Bills for the local option sales tax, public-private partnerships and a statewide smoking ban won’t likely win approval during the 2015 Kentucky General Assembly session.
On Wednesday, Senate Minority Leader Ray Jones, a Pikeville Democrat, made a last minute petition to force an initial vote on the bills—but succeeded only in delivering the probable eulogies for the Democratic-House’s priority legislation.
All of the bills had support from Senate President Robert Stivers and some members of the Republican Caucus at some point during the session. But on the last legislative day before the governor’s veto session, all of the bills were defeated on solidly partisan lines.
The General Assembly will still be able to pass bills on March 23 and 24; but the prospects are grim for the following bills this year:
Local Option Sales Tax
Jones said the local option sales tax legislation’s failure in the Senate—despite having support from the mayors of the state’s two largest cities and the chamber of commerce—showed that the “process was broken.”
“With the situation we find ourselves in—the economy has still not rebounded, our revenues have still not returned to the point where we can help local governments with economic development projects as we have in the past,” Jones said.
The local option sales tax would allow municipal and county governments to add up to 1 percent onto the sales tax temporarily to fund specific projects.
Senate support for the bill waned after interest groups started asking for carve-outs from the tax.
Called the P3 bill, it would have allowed private companies to front money for the construction phase major state projects and then recoup expenses through users fees or tolls.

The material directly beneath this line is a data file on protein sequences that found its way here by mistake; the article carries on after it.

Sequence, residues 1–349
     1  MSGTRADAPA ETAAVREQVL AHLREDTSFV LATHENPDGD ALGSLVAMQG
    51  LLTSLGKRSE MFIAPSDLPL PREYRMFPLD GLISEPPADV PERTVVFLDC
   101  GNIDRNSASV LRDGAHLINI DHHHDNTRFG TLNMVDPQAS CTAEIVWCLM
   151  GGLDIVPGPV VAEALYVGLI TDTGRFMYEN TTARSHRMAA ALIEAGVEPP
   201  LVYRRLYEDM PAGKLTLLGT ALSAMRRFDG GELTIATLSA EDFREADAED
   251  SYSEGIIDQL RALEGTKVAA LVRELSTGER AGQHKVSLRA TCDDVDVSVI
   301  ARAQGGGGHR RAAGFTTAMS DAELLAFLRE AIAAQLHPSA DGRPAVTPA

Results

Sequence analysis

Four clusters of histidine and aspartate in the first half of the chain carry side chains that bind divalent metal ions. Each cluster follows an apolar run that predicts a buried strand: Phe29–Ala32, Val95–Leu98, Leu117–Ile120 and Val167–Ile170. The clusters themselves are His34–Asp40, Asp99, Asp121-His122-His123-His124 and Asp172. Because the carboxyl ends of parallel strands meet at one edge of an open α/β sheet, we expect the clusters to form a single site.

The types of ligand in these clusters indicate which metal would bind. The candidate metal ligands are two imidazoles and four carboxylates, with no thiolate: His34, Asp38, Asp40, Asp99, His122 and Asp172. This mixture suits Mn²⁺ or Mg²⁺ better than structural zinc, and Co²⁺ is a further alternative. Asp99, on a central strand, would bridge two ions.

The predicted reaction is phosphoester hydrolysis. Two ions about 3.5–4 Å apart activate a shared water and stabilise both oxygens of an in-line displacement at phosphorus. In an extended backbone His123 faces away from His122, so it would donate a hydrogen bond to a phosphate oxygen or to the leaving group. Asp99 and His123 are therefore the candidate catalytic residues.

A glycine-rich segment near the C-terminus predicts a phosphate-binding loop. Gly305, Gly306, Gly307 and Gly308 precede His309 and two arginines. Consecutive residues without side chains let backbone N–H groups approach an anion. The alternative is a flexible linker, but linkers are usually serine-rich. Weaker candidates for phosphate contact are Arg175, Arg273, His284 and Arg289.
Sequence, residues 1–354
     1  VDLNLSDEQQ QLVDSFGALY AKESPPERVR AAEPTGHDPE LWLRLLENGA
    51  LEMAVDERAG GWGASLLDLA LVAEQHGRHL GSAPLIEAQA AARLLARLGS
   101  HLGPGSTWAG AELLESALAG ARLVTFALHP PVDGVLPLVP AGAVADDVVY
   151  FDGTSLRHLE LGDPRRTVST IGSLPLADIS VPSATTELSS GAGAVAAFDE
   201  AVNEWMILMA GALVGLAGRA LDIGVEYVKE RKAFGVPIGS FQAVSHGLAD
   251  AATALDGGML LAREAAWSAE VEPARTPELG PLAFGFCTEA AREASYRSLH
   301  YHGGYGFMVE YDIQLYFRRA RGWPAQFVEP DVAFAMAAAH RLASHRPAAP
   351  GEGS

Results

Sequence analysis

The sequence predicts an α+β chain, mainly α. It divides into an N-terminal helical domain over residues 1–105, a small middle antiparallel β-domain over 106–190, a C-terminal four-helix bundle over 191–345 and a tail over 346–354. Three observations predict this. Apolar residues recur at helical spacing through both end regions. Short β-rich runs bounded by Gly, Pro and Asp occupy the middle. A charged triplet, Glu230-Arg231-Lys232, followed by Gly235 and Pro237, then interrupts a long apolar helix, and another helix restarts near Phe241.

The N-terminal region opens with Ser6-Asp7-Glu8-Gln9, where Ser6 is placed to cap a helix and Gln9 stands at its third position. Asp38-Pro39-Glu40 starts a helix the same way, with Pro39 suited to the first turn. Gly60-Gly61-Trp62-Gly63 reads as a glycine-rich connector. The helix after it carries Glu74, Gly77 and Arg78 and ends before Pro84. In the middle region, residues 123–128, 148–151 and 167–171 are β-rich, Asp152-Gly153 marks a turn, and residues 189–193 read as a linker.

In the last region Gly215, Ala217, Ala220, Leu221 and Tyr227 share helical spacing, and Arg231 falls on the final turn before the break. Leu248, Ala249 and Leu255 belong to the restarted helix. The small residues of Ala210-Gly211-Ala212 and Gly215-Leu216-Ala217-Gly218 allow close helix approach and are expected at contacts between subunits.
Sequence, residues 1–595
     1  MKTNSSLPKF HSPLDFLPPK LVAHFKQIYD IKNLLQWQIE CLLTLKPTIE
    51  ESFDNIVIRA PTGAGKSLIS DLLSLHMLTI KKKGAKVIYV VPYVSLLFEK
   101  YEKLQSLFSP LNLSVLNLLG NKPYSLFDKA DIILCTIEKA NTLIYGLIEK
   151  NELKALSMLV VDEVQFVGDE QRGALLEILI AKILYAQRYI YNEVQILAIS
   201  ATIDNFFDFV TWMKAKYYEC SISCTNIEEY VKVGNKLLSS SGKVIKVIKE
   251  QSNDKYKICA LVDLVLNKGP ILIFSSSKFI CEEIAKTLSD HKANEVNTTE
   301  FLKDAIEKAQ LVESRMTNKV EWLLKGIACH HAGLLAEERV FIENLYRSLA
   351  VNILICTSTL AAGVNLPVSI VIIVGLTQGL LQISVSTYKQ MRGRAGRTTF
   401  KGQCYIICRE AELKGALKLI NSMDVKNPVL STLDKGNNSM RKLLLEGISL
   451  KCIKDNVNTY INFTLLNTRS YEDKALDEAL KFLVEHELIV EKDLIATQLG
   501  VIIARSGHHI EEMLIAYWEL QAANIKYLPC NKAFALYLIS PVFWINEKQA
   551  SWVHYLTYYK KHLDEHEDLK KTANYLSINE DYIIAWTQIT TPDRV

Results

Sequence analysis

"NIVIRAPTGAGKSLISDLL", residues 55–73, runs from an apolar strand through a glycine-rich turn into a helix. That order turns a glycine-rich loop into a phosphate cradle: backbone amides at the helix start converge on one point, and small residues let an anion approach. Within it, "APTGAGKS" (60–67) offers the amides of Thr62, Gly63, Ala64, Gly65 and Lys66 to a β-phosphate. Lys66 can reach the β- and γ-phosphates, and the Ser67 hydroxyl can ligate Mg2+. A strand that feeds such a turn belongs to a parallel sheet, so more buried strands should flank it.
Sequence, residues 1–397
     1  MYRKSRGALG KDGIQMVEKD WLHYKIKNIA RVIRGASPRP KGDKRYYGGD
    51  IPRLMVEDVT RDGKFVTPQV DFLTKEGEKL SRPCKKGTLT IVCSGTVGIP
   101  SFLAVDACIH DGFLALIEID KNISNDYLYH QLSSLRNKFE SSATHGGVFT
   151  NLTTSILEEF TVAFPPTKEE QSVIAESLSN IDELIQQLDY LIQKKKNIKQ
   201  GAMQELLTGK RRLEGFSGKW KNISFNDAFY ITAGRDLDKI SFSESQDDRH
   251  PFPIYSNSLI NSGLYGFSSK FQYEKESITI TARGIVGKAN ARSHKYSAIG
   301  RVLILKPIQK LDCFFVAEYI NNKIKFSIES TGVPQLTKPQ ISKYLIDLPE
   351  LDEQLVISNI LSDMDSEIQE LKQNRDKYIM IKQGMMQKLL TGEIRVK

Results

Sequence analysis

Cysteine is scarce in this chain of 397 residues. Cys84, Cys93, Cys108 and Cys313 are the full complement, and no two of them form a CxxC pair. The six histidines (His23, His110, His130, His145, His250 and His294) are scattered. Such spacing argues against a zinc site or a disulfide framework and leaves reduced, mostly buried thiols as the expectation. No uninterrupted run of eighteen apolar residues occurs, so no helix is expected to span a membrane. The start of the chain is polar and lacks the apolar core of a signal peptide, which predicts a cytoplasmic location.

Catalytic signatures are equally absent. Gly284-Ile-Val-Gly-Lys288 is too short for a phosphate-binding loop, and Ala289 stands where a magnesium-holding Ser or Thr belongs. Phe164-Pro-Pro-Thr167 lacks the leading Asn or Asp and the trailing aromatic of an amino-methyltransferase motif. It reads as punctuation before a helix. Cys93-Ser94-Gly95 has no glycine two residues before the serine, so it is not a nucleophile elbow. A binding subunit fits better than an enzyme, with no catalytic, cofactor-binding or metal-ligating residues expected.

The bill passed out of both chambers last year, but was vetoed by Gov. Steve Beshear because it included an amendment that would have banned tolls projects on bridges between Kentucky and Ohio.
Taking the warning, this year the House passed a P3 bill without a toll provision, however support for the legislation dried up in the Senate soon after.
Jones said Republicans’ opposition to the bill was hypocritical.
“Conservative members of this Senate should be just ecstatic to support because it is truly small government,” Jones said. “It is the private sector creating jobs.”
The last bill Jones attempted to resurrect was the statewide smoking ban. The smoking ban received its fatal blow when it was assigned to a committee that didn’t give the bill an initial reading.
On Wednesday, the smoking ban’s Senate sponsors, Sen. Julie Raque-Adams, a Louisville Republican, and Sen. Ralph Alvarado, of Winchester Republican, both declined to vote.
“Now if you truly support that piece of legislation you would think someone would stand up on the floor of the Senate and say, ‘It’s time to stop killing Kentuckians with second hand smoke,’” Jones said.
Though Stivers, a Manchester Republican, never gave outright support for the ban, he went on the record several times saying that he might consider a “local option” in which cities would be able to opt out-out of a statewide ban.
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